 When you want to sell futures, there is a buyer
    When you want to buy futures, there is a seller
 ‘Critical Mass’ liquidity is a concept of when there
  are always enough buyers and sellers to ‘take the
  other side’, and that their presence is sufficient in
  number not to ‘move the market’ unduly
 Liquidity can be measured in various forms
    The amount of lots traded per day
    The amount of open interest
    The breadth of the bid-offer spread
        Narrow spreads (a few US$) indicating greater liquidity
    The trade in the active months eg spot and CFR (90
     days) markets vs trade in less active months
   Liquidity
 Initially, when futures contracts trade
     Spot market is for smaller volumes, most often its for 1-20
      lots, reflective of physical market transaction volumes
     The 90 day market tends to attract larger transaction volumes,
      reflective of the physical market, but is unlikely (at contract
      launch) that the 90 day contract will be be sufficiently liquid to
      handle typical CFR trades of 10-20k mt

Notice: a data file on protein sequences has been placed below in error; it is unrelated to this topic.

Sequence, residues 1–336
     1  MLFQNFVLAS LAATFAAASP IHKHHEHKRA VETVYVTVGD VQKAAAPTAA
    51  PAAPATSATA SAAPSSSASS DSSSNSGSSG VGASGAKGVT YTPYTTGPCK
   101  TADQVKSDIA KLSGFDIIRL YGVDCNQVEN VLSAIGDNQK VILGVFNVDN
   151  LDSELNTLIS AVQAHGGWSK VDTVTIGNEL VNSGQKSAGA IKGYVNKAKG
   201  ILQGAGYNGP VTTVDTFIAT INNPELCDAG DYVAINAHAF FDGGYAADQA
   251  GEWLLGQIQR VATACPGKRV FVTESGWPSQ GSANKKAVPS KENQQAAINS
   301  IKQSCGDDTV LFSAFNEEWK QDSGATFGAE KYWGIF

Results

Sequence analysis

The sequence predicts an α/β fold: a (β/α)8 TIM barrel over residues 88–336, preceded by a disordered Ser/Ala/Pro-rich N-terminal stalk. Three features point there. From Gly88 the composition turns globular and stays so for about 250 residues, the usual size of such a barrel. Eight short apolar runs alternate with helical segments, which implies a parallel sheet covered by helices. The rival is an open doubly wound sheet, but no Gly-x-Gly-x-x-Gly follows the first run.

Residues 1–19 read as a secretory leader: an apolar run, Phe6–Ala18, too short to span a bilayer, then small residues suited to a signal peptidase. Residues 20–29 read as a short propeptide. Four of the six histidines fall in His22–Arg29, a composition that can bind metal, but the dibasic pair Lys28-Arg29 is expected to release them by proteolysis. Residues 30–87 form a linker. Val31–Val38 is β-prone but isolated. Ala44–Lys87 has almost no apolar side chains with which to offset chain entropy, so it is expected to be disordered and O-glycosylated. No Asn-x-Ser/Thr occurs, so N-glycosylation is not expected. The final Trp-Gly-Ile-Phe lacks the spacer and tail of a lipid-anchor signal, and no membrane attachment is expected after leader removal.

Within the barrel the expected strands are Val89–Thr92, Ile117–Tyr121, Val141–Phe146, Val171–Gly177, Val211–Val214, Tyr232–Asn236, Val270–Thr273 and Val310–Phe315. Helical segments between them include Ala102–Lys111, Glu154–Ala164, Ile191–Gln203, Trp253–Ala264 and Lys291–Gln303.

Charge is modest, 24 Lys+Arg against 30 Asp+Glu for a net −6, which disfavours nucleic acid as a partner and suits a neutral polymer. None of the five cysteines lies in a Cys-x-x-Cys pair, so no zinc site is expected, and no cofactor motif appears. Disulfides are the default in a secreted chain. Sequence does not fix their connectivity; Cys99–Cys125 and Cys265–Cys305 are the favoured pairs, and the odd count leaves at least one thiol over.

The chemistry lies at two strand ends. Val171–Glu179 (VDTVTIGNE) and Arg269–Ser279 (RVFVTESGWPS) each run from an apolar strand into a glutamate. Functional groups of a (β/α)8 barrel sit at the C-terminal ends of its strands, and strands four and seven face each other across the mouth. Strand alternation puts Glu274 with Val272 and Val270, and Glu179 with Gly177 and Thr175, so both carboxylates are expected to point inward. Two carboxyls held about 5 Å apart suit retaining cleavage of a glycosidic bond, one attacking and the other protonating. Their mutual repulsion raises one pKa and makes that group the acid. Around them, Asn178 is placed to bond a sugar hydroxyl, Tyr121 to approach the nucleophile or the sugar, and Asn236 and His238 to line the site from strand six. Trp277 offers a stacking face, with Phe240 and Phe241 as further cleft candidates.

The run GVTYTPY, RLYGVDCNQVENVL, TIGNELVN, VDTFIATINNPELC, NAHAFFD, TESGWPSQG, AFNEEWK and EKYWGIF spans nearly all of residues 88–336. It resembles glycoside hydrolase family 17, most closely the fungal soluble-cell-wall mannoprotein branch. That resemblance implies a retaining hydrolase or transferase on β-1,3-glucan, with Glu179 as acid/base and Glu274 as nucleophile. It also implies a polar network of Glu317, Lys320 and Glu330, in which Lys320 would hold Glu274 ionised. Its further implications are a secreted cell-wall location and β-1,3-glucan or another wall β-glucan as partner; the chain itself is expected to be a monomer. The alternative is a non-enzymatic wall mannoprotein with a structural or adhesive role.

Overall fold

 Trade in other months tends to be less active (less liquid)
 Offers to buy or sell larger volumes crystallizes the
  fundamentals of supply and demand.
     Large orders to sell lower market prices
     Large orders to buy raise market prices
 To offset lower levels of liquidity (at start-up), single order
  transaction size is limited to 1000 mt (ie 100 lots)
     Multiple orders are, of course, accepted.
  Order Placement

 All trades, even for 1 or 2 lots, will set a
  new price
 It follows that trades for larger volumes
  tend to be done in series
   50 lots sold in five trades of 15,6,12,7, and 10,
   Could be at upto 5 different price levels during a
    day, with market dropping and perhaps
    rebounding during the period.
 You can dictate how you (or your broker)
  should buy and sell your volume
   Order Placement

 Market Order: Instruction to buy/sell immediately at
  best available price
 Limit Order: Instruction to buy/sell at a specific price
 Stop Loss Order: Instruction to buy/sell if the market
  trades at the set trigger price
 Day Orders: Lasts until close of trading that day
 End of Session Orders (EOS): Lasts until close of a
  trading session
 Good Til Date (GTD): Stays active until executed,
  otherwise it expires on the stated date
 Good Til Canceled (GTC): Stays active until executed,
  otherwise expires when the futures contract expires
 Immediate Order (IOC): Has to be executed
  immediately the market reaches that price/volume,
  after which any portion not executed is cancelled
       Features of DGCX